KIOWA-COMANCHE SCULPTOR & PAINTER TSATE KONGIA (BLACKBEAR BOSIN) DIED
Born June 5, 1921, in Anadarko, Oklahoma, Bosin was exposed during his school years to the paintings of the famed “Kiowa Five.” Moving to Wichita, Kansas, in 1940, he joined the U.S. Marine Corps during World War II and later worked as a color separator and plate maker for Western Lithograph and as an illustrator for Boeing Aircraft. Combining Southern Plains flat style painting with surrealism, Bosin had his first solo exhibition in 1945. In 1955, National Geographic featured his painting as “Prairie Fire.” In 1965, he participated in the White House Festival of Arts. While primarily a painter internationally recognized for vivid watercolors and acrylics, his most widely-recognized work stands at the confluence of the Arkansas and Little Arkansas rivers in Wichita. The Keeper of the Plains, is his 44-foot-tall steel sculpture of an American Indian which he donated it to the city. Bosin died in Wichita.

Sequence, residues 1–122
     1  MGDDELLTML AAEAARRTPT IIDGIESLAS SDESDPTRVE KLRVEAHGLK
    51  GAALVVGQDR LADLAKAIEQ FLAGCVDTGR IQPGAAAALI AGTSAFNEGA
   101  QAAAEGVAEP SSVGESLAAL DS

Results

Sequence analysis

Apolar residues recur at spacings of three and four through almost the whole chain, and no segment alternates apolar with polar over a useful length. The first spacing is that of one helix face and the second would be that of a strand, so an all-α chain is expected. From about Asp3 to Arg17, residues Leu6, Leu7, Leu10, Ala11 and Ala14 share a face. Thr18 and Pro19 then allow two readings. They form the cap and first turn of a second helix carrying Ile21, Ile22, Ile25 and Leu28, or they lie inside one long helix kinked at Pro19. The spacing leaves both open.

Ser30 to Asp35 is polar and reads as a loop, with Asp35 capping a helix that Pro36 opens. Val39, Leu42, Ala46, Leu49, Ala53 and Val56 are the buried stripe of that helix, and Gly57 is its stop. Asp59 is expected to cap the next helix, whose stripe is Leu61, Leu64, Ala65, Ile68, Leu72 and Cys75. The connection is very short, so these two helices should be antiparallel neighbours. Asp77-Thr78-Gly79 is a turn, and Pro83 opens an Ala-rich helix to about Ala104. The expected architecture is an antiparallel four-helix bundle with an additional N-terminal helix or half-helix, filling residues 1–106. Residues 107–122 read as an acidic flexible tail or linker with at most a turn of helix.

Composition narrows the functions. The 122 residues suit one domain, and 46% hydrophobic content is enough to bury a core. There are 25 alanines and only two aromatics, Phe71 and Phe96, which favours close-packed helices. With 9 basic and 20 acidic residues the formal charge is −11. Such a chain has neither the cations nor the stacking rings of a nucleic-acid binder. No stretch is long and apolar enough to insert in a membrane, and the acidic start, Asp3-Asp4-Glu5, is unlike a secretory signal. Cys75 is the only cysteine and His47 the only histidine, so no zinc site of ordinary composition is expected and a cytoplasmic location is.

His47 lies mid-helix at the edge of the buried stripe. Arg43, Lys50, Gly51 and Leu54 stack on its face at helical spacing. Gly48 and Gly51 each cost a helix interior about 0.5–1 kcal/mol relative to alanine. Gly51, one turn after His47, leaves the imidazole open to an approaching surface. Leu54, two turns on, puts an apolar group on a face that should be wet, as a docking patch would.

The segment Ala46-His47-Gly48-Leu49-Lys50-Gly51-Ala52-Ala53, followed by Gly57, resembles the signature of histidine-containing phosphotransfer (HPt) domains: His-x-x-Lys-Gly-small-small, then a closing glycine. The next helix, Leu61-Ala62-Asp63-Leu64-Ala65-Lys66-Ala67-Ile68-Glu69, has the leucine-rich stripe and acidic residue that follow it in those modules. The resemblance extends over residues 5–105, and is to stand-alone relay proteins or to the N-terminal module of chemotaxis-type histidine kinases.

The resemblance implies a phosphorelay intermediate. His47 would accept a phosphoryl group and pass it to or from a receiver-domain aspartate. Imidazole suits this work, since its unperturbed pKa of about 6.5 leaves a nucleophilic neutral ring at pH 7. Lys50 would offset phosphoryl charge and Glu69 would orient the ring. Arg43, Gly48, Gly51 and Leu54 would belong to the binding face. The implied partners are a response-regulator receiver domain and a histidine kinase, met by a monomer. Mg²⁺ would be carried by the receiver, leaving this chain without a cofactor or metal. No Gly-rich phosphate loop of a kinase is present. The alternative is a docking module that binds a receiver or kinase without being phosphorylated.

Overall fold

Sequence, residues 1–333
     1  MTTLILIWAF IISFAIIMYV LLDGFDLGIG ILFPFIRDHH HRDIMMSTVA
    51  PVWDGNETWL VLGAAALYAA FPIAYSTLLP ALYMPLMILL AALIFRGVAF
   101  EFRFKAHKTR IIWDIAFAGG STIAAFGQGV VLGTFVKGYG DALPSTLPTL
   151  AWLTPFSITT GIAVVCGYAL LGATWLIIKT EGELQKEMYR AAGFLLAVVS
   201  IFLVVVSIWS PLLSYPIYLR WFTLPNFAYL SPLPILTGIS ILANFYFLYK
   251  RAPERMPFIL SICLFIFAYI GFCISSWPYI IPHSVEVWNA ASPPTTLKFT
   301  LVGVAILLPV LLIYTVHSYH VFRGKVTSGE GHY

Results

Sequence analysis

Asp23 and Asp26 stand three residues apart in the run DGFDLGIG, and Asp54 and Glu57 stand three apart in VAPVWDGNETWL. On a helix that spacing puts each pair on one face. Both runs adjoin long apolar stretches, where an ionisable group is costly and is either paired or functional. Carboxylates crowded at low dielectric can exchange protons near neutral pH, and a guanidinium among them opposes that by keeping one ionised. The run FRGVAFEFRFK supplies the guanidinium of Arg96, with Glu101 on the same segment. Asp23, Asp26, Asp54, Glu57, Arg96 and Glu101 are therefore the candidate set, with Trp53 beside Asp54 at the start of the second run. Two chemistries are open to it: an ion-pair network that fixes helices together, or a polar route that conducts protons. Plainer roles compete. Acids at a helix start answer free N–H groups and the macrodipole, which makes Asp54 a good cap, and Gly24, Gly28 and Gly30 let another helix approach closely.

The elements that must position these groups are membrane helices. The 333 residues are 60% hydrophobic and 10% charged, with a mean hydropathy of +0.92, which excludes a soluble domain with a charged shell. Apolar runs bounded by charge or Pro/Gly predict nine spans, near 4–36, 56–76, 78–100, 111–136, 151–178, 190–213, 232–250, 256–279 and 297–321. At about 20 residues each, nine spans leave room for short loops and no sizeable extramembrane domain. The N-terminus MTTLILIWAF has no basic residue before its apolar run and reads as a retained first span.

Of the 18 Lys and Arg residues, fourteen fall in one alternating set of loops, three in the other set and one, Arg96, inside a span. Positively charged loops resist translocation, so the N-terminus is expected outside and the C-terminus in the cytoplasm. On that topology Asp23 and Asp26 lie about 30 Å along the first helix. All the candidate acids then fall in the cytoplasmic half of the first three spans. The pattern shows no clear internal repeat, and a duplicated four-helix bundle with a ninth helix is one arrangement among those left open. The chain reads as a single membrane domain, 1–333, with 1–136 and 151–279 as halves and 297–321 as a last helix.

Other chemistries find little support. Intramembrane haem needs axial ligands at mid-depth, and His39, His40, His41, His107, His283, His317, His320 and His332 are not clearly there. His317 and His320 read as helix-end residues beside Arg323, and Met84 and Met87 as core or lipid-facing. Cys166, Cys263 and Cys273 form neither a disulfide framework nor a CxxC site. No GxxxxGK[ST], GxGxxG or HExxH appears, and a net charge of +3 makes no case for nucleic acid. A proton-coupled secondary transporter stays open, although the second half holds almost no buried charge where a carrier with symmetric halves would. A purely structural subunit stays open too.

Source: “Blackbear Bosin,” Kansapedia: Kansas Historical Society. Retrieved 5/7/2020, https://www.kshs.org/kansapedia/blackbear-bosin/11985 Photo: Art Davis, 5/1/2015. Permissive Use.